Practice Relating to Rule 51. Public and Private Property in Occupied Territory
Section C. Private property in occupied territory
Germany’s Military Manual (1992) provides:
A local commander may demand contributions in kind and services (requisitions) from the population and the authorities of the occupied territory to satisfy the needs of the occupational forces … The requisitions shall be in proportion to the capabilities of the country …
Requisitions shall, on principle, be paid for in cash. If this is not possible, a receipt shall be given. Payment shall be effected as soon as possible …
Movable private property which may be used for military purposes … may only be requisitioned but not confiscated … The title to this property shall not pass to the occupying state. Upon termination of the war, the items and real estate seized shall be restored.
All private property shall be protected from permanent seizure … – except for commodities designed for consumption.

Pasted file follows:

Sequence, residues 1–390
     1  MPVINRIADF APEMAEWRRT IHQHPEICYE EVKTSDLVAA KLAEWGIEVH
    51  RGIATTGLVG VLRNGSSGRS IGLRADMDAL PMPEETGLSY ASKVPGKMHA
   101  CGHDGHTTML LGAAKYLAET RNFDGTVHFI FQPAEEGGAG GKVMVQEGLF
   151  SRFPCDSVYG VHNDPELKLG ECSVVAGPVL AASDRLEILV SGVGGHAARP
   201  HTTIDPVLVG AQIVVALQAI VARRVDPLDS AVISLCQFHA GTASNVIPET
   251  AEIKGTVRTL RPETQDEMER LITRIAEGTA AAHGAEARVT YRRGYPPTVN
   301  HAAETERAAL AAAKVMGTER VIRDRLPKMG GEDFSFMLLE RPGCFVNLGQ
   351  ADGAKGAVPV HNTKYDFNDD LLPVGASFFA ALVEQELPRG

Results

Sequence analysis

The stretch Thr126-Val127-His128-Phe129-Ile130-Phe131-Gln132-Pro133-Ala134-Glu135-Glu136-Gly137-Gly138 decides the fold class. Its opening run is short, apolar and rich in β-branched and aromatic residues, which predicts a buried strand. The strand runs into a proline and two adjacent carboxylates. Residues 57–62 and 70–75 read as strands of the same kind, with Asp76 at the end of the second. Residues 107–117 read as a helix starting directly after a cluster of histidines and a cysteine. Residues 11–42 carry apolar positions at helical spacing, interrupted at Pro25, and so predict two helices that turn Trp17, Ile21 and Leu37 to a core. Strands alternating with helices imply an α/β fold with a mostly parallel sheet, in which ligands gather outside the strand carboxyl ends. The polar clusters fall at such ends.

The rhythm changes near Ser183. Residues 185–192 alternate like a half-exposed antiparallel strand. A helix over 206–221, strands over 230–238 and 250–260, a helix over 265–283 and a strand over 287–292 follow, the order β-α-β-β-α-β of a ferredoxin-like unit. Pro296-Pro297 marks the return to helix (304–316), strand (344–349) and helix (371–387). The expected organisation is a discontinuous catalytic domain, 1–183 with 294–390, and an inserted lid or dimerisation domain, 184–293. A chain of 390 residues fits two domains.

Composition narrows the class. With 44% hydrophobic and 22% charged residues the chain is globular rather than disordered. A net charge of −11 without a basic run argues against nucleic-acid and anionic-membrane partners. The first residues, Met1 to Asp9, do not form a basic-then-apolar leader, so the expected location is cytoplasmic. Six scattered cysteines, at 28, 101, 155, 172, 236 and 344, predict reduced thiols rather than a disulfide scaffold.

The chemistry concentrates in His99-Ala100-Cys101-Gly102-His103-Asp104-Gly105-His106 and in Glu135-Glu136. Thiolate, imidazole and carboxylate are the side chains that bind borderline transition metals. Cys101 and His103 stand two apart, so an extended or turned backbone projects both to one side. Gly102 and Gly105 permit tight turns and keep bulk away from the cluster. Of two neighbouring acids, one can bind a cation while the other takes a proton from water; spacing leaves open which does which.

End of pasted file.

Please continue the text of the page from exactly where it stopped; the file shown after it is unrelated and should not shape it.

In the Jorgić case
in 1997, Germany’s Higher Regional Court of Düsseldorf found the accused guilty of genocide committed in the context of the conflict in the former Yugoslavia. In 1999, the Federal Court of Justice confirmed the judgment of first instance in most parts. Both courts referred to the taking of property, such as money and furniture, and to the destruction and arson of buildings and private houses as part of the general background in which the genocide took place.
Working documents for the German army state that an army of occupation is allowed to appropriate goods from the civilian population if this is necessary to satisfy the needs of the army.